I’m sorry, but it’s over ..
No, no, no .. It’s not you, it’s me .. I’ve changed — let me explain ..
You’ve been great these past 7 years .. Better than great — you basically defined what monitoring means to me .. Yes, we’ve both said things we regret — but we always ended back together ..
This time, it’s different ..
I found someone ..
STOP THAT !! THAT’S NOT NICE .. Yes, they’re younger than you — but it’s not about that .. NO !! NO !! NO !! I’m not going through a midlife crisis .. Like I said earlier — I’ve changed .. Simply put, I now care more about metrics now than I do monitoring ..
Yeesss, I know you offer performance data .. You know I know that .. We’ve dated for almost a decade — let’s at least be honest with one another ..
Uh huh .. Uh huh .. Uh huh .. No, not this time, not ever .. Uh huh .. Uh huh .. Uh huh .. Believe me, I wish there was a way, I just don’t see it happening ..
OK !! THAT’S ENOUGH !! This is getting abusive now — I’m going to leave ..
Thank you for being with me ..
Thank you for teaching me ..
But it’s time to go ..
Sooo .. You are monitoring a fleet of AWS EC2 hosts via Nagios, and have yet to find an easy way to manage their host definitions .. Good news (if you happen to be using Ansible dynamic inventories) !! I created an Ansible template that loops thru all your EC2s and creates them for you ..
In addition, you can easily define Nagios service dependencies, helping you zero in on the root problem more quickly ..
Afraid of having too many AWS EC2 images and/or snapshots, thus running up your bill ?? Fear not !! I have you covered:
Nagios Plugins to Check AWS EC2 Images
Nagios Plugin to Check AWS EC2 Snapshots
This post is kinda dopey, but it might help one person out there in intertubes land .. That said, I have been using HipSaint for ……………….. 3 years ?? It’s great !! It posts Nagios alert information into HipChat:
- Log into Nagios
- Locate the host or service that is alerting
- Click the link
- View the details
- Acknowledge the alert, if needed
Y’all know I’m lazy though –right ?? I wish the HipChat message would just give me the links I want .. Well, now it can:
As you will see, I am simply appending the status and acknowledgement links to the Nagios “service output” .. I also use Ansible to populate variables such as:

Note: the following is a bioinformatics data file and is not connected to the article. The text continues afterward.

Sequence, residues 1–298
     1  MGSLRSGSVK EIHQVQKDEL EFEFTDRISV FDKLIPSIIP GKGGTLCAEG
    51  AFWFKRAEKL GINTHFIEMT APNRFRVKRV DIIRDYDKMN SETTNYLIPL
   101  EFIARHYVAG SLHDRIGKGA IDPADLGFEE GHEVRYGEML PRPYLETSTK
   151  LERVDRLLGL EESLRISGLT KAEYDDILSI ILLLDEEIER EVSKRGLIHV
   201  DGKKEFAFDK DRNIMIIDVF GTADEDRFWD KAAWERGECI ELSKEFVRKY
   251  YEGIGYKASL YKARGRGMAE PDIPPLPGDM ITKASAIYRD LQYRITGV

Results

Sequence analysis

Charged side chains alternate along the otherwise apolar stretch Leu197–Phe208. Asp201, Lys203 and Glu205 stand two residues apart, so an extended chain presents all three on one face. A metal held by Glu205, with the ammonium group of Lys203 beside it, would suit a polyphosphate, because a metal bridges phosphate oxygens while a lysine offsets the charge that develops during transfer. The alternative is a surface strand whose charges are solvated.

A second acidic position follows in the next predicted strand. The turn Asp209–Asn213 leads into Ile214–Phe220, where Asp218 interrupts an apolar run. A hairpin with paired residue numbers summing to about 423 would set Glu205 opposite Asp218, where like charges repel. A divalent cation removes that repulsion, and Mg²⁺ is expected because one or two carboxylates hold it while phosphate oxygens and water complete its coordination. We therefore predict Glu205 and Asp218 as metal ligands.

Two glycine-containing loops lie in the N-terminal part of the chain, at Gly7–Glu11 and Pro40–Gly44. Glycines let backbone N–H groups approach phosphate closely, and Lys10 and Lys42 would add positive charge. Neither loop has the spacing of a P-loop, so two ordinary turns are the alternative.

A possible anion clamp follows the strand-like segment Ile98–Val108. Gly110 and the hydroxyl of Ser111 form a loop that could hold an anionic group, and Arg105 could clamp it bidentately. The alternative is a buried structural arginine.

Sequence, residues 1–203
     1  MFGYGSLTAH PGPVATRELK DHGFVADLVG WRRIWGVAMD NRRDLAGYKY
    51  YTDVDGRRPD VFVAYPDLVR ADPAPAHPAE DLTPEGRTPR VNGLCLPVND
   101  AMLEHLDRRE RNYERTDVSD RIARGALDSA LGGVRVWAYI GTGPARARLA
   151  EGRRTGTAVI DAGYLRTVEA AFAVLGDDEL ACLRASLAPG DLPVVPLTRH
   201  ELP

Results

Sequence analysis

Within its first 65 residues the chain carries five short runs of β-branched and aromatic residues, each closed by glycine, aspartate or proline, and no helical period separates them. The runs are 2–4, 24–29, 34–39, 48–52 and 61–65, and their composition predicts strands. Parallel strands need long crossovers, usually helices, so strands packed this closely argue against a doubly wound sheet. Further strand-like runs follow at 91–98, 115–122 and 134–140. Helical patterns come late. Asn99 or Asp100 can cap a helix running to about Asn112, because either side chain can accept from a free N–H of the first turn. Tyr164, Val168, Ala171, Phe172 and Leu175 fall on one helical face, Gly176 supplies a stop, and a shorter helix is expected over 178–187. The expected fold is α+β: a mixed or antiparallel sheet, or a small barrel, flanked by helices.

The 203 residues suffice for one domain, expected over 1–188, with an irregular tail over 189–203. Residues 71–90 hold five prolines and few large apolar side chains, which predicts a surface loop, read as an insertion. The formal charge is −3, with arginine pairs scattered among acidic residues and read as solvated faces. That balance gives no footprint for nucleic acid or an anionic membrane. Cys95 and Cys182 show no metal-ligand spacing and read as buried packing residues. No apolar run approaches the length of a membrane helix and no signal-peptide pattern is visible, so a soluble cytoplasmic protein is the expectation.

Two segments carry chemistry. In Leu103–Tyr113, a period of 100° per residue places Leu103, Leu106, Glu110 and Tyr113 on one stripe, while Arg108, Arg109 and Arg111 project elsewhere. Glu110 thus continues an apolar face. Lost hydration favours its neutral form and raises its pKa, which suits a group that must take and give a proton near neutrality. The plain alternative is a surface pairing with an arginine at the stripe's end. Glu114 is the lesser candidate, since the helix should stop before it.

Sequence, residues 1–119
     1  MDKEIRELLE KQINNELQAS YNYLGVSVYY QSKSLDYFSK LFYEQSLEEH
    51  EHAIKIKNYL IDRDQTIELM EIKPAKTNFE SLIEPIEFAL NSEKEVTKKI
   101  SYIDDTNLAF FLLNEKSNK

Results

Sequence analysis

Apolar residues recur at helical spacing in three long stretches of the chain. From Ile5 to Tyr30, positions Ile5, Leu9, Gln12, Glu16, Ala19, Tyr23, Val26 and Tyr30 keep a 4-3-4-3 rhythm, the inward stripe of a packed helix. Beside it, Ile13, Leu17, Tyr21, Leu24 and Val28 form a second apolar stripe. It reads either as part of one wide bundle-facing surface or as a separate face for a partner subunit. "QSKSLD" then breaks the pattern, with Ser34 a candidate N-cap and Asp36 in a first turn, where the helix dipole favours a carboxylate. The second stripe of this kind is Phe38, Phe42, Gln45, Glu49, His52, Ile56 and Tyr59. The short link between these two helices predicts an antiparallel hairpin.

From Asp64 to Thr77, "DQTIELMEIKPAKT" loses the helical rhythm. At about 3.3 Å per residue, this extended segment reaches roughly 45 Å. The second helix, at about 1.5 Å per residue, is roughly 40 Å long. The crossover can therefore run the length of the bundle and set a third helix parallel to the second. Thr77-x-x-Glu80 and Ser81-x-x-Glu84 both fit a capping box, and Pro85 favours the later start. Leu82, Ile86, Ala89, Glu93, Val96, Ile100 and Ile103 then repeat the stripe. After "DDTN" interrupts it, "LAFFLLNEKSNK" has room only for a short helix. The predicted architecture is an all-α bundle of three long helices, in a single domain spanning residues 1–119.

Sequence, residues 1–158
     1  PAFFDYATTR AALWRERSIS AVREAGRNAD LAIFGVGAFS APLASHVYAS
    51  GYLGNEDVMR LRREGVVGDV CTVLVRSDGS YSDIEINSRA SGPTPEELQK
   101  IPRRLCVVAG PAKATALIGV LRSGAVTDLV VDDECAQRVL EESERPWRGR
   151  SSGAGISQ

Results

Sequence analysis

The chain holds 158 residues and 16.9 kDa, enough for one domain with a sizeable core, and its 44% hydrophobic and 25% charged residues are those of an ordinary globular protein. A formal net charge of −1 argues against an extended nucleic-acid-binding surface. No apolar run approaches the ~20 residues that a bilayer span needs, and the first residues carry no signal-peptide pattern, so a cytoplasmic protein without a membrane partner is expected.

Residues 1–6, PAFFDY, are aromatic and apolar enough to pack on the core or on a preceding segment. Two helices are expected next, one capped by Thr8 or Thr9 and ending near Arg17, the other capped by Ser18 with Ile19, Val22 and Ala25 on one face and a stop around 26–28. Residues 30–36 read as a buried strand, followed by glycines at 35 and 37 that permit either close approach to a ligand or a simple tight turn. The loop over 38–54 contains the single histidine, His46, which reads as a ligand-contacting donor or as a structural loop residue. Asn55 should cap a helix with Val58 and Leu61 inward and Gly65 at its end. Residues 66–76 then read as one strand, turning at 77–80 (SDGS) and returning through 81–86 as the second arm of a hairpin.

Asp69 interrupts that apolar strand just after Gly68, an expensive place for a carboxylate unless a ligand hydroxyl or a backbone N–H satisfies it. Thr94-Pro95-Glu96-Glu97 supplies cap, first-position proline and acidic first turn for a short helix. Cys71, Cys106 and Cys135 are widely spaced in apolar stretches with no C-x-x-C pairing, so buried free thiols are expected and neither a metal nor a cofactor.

- HipChat token
- HipChat room
- Nagios hostname
Now I can be as lazy as I want to be:
Hal is my Hubot chatbot .. He’s awesome !! He gets me beer !!
He also does things like restart app servers, deploy code, and show me pictures of grumpy cats .. He’s so cool, I’ve started making non-humans to talk to him .. “Greg, what do you mean ??” .. Well, let me show you ..
- I have a Nagios server
- It monitors (allthethings)
- When the “logged in users” alert is triggered, Nagios sends a message to my chat service using hipsaint
- “logged in users” is a monitor I have that alerts me when more than 3 users are logged into a server
- I see the alert and the server in question
- I SSH into the server
- I type who
- I then determine if I need to care
- If not, move on with my life
- If so, dig deeper
The thing is, I have more than 2,200 active monitors .. That means Nagios can and will send many, many messages to my chat service — depending on the day .. So how can I make my life easier ??
Here’s an easy one: ask Hal who’s on a server ..
My stack is HipChat -> Hubot -> Jenkins -> Ansible .. That means I can damn near do anything I want, all from my chat client ..
Remember what I said earlier — about making non-humans talk to Hal ?? What I did was create a Nagios event handler that sends a message to my chat service using HipChat CLI .. Therefore, I AM NOT asking Hal who’s on a server, it’s NAGIOS WHO IS doing it ..
It doesn’t stop there !! You can create scripted Splunk alerts as well .. Before you know it, you will be making (allthethings) talk to Hal ..
OMG !! It’s still hip to say that — right ??
Anyway .. While I consider myself to be reasonably intelligent, I still find myself doing dopey things from time to time .. For example: saying OMG .. Another dopey thing I have been doing for a very, very long time — are run-on sentence notes for my Nagios service definitions .. I am ashamed to admit how many times I have tried to “fix” this — but always errored out during the pre-flight check .. Yes — I am aware of Google, but I’ve never found anything definitive ..
And then it hit me like a bolt of lightening — Bash style line breaks ..
So obvious, yet so elusive ..